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Topic: Religion and Middle Earth

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Rohan peasant - Rank 2
Status: Offline
Posts: 40
Date: Jan 26, 2010
Religion and Middle Earth

I have a question. Why did the elves and men never practice religion? They did not perform any religious ceremonies as far as I can tell.

Lucas used "the force" in Star Wars. Religion was universal in the epic tales. Why did Tolkien not have a similar theme in his works?

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Hobbit from Hobbiton - Rank 4
Status: Offline
Posts: 217
Date: Jan 26, 2010
Hairy Hand bags

I think that our earthly religeons require an element of faith.

Where in middlearth no faith was required as the gods were fact.

Those elves who had seen the light of Amman must have been quite a sight.

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Love Light and Peace
Fundin, Lord of Moria - Rank 5
Status: Offline
Posts: 563
Date: Jan 26, 2010
At each first gathering of fruits Manwe made a high feast for the praising of Eru, for example. And there was a place hallowed to Eru upon the Pillar of Heaven (Numenor).

With respect to The Lord of the Rings, in his letters Tolkien noted that: 'Almost the only vestige of religion is seen on II pp. 284-5 in the 'Grace before Meat'. He explained that there had been a hallow on Mindolluin as well, only approachable by the King, where he had anciently offered thanks and praise on behalf of his people, but it had been forgotten -- it was re-entered by Aragorn, and there he found the sapling of theWhite Tree.

Interestingly JRRT also noted that he does not think: 'Hobbits practised any form of worship or prayer (unless through exceptional contact with Elves)' -- this is part of a footnote to draft letter 153 -- in which JRRT speaks more about the measure of religion or worship in his world, and how folk viewed the Valar.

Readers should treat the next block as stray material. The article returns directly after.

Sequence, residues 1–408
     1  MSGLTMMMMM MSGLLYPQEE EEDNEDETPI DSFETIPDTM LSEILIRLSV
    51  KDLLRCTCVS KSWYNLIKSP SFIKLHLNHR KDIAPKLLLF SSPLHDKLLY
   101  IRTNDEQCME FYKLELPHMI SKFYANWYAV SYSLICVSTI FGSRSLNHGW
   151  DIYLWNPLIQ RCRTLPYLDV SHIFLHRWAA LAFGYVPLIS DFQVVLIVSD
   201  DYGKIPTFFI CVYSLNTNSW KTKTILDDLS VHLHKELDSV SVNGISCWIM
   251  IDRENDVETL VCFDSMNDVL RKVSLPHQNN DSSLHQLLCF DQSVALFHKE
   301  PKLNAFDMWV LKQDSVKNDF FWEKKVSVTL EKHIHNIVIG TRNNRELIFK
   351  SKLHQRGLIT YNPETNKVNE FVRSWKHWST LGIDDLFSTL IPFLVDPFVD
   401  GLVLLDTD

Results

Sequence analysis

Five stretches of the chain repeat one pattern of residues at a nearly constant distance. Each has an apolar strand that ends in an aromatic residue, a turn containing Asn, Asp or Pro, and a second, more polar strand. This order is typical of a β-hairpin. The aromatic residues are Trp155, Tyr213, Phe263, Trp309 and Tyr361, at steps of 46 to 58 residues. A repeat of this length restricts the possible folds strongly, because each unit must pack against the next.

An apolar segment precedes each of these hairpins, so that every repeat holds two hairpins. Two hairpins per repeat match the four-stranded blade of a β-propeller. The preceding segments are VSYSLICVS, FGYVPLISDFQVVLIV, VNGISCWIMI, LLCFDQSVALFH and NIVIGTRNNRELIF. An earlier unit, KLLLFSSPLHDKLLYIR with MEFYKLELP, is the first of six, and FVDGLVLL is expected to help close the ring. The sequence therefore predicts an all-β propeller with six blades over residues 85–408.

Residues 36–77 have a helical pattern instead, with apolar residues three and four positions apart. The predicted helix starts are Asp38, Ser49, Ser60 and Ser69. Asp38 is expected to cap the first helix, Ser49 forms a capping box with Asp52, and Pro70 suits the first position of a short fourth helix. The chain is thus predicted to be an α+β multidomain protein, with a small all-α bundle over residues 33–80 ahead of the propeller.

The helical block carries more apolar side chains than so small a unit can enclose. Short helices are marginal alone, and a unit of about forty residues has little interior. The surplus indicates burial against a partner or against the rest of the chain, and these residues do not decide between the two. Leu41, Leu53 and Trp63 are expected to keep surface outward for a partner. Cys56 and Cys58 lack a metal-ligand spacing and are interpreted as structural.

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Rohan peasant - Rank 2
Status: Offline
Posts: 40
Date: Jan 27, 2010
Thanks Galin and Filli,

Thanks for the quotes. I am glad to know that there were religious rites celebrated in Middle Earth. I think people need a place to center their lives and have spiritual renewal.

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Tom Bombadil
Status: Offline
Posts: 1886
Date: Jan 29, 2010
There is a book, called " Following Gandalf " that addresses this subject. A scholarly work, not enjoyment reading.

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Hey dol! merry dol! ring a dong dillo!
Ring a dong! hop along! fal lal the willow!
Tom Bom, Jolly Tom, Tom Bombadillo!

Lord Elrond of Rivendell - Rank 9
Status: Offline
Posts: 2960
Date: Jan 30, 2010
All,
In 2001 a book was released by SaltRiver publications of Tyndale House Publishers, Inc.
The title is "Finding God in The Lord of the Rings".
It is written by Kurt Bruner and Jim Ware.
Both men have connections to seminaries and have other publications which explore the divine in Tolkien's work and explore the religious dimensions within the Inklings.
They use a quote from Tolkien on their back cover;
"God is the lord, of angels, and of men---and of elves." J.R.R. Tolkien

It is only 120 pages including the endnotes.
But it is thought provoking.
The dedication on the cover page is;
To all who search for light in Middle-earth:
Eala Earendel engla beorhtast
Ofer Middangeard monnum sended.

(Hail Earendel, brightest of angels
Sent to men over Middle-earth)

Some might want to give it a look...
Bear.


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Vocatus atque non vocatus, Deus aderit
Called or uncalled, God is present

 
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